If you ask some people - mostly those in the low-power processor market - they'll probably tell you that low-power CPUs based on ARM designs are the future of cloud servers. The biggest argument against this, though, is that current processors have been optimised for exceptionally low power-draw, and even when multiple chips are combined in parallel they don't have the performance to compete with the Xeons and Opterons of the world.
Marvell is looking to change that, though, with the announcement of a new processor designed specifically for use in servers. The Armada XP manages to combine four ARM v7 cores clocked at a frequency of 1.6GHz with 2MB L2 cache, leading to performance figures of around 16,600 DMIPS.
While this won't trouble the best from Intel or AMD, it manages to hit these numbers with a power-draw below 10W, serving up exceptional performance-per-watt. Combined with the ability to install multiple SoCs into a relatively small space, this will allow server-manufacturers to build pretty formidable systems.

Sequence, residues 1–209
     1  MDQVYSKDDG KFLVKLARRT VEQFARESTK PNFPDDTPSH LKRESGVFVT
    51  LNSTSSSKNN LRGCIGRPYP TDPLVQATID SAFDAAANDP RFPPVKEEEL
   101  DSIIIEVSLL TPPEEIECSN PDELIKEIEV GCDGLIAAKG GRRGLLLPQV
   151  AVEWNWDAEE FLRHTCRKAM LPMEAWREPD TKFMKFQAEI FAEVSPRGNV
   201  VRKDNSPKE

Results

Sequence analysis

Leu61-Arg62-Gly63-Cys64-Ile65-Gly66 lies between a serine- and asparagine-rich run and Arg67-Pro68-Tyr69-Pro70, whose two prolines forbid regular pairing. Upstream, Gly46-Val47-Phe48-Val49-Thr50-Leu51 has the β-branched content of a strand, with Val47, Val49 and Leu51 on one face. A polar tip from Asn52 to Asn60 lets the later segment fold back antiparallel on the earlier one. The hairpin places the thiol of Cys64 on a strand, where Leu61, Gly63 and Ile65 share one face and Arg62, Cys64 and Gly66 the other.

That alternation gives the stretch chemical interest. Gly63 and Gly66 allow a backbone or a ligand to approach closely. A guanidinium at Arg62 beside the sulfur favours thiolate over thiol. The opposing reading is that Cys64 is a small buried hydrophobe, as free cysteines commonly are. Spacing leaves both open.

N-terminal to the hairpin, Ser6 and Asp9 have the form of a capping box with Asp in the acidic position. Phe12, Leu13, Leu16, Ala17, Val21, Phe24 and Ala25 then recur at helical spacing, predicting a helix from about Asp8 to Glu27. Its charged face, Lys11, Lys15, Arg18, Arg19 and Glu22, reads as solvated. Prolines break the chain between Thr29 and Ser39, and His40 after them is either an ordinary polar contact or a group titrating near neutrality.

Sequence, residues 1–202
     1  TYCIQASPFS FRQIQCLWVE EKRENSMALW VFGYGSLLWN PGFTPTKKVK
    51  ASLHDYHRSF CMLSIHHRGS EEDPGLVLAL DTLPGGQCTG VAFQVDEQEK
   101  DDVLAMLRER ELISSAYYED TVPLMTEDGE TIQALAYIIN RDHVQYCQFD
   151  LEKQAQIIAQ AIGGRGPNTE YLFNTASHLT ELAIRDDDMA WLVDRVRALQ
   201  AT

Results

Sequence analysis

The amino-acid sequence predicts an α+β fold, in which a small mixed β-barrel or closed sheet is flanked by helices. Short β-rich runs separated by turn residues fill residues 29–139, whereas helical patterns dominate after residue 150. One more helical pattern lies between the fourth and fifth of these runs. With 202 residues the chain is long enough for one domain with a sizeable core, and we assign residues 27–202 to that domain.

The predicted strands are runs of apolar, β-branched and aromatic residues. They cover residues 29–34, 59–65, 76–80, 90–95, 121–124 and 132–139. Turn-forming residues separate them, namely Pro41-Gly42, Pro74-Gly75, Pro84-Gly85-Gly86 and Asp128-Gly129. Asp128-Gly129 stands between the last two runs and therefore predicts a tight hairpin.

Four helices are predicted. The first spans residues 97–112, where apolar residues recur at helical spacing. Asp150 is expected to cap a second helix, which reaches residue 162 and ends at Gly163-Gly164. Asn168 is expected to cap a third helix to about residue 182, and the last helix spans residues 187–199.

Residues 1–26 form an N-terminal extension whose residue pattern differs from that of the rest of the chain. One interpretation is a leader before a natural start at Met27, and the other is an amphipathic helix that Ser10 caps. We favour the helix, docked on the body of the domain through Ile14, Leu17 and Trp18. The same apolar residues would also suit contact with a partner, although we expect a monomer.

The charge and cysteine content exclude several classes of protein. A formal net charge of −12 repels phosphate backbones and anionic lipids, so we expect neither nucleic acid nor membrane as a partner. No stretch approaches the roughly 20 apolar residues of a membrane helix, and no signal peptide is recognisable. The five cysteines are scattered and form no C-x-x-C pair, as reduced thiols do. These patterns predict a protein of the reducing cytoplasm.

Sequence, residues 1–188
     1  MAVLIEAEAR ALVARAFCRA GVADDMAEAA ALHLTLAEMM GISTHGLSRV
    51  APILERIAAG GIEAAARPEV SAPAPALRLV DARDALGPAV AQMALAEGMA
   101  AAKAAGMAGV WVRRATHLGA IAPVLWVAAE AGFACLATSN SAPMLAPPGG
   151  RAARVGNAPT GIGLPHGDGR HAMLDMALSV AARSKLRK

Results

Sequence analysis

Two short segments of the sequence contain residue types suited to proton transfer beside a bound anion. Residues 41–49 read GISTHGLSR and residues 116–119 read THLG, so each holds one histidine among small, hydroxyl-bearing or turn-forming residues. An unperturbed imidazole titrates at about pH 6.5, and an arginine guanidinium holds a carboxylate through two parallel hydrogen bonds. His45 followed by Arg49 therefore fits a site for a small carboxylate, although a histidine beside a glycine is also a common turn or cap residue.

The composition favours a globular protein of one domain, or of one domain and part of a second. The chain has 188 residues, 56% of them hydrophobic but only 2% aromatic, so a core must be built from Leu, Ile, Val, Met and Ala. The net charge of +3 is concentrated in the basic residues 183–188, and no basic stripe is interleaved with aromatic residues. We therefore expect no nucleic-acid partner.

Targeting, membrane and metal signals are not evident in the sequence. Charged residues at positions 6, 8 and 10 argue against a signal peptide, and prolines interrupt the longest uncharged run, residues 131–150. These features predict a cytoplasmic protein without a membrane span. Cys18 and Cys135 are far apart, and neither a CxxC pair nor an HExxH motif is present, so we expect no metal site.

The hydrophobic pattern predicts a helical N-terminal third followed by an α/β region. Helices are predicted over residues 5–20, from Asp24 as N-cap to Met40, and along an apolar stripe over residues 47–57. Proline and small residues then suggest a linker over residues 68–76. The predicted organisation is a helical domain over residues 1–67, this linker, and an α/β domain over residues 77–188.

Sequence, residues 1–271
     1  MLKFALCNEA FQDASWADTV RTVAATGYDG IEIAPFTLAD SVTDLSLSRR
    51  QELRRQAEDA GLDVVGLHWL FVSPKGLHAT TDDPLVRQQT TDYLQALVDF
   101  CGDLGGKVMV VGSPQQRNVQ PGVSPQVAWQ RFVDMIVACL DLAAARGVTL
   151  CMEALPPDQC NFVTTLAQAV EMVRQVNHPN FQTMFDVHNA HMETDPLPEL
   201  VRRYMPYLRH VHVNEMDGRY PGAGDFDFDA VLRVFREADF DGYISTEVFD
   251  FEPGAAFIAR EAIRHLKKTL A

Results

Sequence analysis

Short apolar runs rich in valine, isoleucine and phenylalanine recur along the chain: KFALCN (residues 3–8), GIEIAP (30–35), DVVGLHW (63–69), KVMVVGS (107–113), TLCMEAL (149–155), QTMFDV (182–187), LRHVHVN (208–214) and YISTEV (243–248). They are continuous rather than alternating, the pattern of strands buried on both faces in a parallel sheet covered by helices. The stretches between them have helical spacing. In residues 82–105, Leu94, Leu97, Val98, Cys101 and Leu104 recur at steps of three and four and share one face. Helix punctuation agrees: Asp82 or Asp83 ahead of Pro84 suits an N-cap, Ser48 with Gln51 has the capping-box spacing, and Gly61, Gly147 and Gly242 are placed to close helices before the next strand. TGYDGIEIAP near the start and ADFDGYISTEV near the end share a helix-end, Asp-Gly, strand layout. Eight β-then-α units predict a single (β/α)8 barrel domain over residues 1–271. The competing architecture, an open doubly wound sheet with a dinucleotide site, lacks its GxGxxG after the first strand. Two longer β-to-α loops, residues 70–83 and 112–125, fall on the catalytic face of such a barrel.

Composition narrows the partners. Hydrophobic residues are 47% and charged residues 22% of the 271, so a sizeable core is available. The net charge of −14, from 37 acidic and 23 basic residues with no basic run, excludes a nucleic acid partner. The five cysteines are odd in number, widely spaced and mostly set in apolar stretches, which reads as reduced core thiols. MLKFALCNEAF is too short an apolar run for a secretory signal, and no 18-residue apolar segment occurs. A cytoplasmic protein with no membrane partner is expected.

The company is also boasting advanced power-management and incredibly low idle power-consumption, which will be huge selling points for anyone running a data centre. Being a SoC, each chip also has PCIe, Ethernet, USB and SATA support built right into the silicon, as well as the ability to run 64-bit ECC DDR3.
Marvell didn't disclose when these chips would hit the market, but they're currently sampling to customers. This could mean that servers based on the chips will be shipping within a few months.
The announcement marks another step into the server market for the ARM ecosystem and gives further weight to the argument for ultra low-power server CPUs. While Intel has largely dismissed the idea, AMD is reportedly looking into using its next-generation netbook CPUs in a server environment. As time goes on, both companies will no doubt be looking on with great interest.